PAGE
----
News & Events

Past Events Archive

  • DAAD Workshop "DaF in den USA": Language Teaching Methodology for Graduate Students and Junior Faculty

    This workshop is intended to provide participants with a look at the current professional discourse regarding the teaching and learning of German, and insights into the most recent findings in the fields of Second Language Acquisition and Applied Linguistics. The special focus will be on teaching with texts for language learning, and workshops participants will gain the practical experience of developing and presenting a teaching unit as well as reflecting and discussing this. By invitation only, for application forms please contact euba@berkeley.edu

    Read more
  • Helke Sander's dffb Cinema, 1968 and West Germany's Feminist Movement

    Helke Sander was a key figure of the early dffb, where she studied between 1966 and 1969. Returning her political organizing and her films of the era revises three crucial narratives: 1. it expands narratives about 1968 to include the establishment of feminism as part of it (The Tomatenwurf), which is often read as a 1970s phenomenon; 2. it expands narratives of cinemas of the late sixties to include feminist filmmaking; and 3. it shows how the seeds for her much better known filmmaking of the seventies were already visible thematically and formally in her little known earlier work. Christina…

    Read more
  • Work between National Socialism and the Economic Miracle: A Forgotten Crisis in the Early Federal Republic

    Joerg Neuheiser’s current research focuses on post-war Germany and the history of work in 20th century Europe. He is working on a book on the West German work ethic after 1945 in which he analyzes the legacy of Weimar and Nazi work experiences after 1945, the migration of so-called “guest workers” from the 1960s onwards and the German experience of economic, technological and cultural change in the 1970s and 1980s. A key aspect of the book is a critical reevaluation of contemporary sociological research on values after 1970 and the role that public debates on value change and a declining…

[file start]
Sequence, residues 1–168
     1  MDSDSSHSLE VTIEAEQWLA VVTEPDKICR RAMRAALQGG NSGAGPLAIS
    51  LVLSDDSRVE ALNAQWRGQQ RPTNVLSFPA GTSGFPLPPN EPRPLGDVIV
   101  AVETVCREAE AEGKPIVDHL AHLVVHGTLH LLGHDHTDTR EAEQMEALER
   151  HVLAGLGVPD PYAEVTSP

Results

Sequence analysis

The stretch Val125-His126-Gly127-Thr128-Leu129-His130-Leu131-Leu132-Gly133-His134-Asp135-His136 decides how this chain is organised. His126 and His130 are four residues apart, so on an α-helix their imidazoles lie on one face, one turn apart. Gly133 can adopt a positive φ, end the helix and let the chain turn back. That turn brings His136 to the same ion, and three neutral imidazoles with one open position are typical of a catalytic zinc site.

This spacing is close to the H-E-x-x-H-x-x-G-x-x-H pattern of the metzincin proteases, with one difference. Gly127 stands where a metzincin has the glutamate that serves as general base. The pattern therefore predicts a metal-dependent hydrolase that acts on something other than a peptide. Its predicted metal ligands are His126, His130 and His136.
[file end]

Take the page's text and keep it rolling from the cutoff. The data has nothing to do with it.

Read more
  • Twentieth-Century Anti-Utopianism and its West German Antidote

    This talk picks up a melancholic thread in assessments of the end of the Cold War, when the triumph of liberal democracy and capitalism over “really existing socialism” led academics and public intellectuals to pronounce the end of utopian ambitions. Margaret Thatcher captured this idea in her claim that “there is no alternative.” Some West Germans, however, resisted this logic. Facing the ostensible dissipation of radical social and political alternatives, they refused to abandon hope for a superlative existence. But they also recognized that old paradigms of utopian thought had lost their currency. They jettisoned the conviction that society marched…

    Read more
  • GUH Lecture: A BERLINER IN JAZZ-AGE MANHATTAN

    “Erich Mendelsohn vs. the Skyscraper Primitives: A Berliner in Jazz-Age Manhattan” Greg Castillo, Associate Professor of Architecture Tuesday, November 20, 1-2:30pm | Wurster 170 Presented by the Global Urban Humanities Initiative Upon first sight of the Manhattan skyline in 1924, Erich Mendelsohn proclaimed it an object lesson in “the tragedy of madness, deranged power, the… intoxication of limitless victory.” Amerika: Bilderbuch eines Architekten (America: An Architect’s Picture Book), his bestselling travelogue, portrayed a culturally primitive society degraded by jungle capitalism, but advanced in building technology. Maintaining that American architecture had “unexpectedly little to offer a prophetic observer,” Mendelsohn returned to…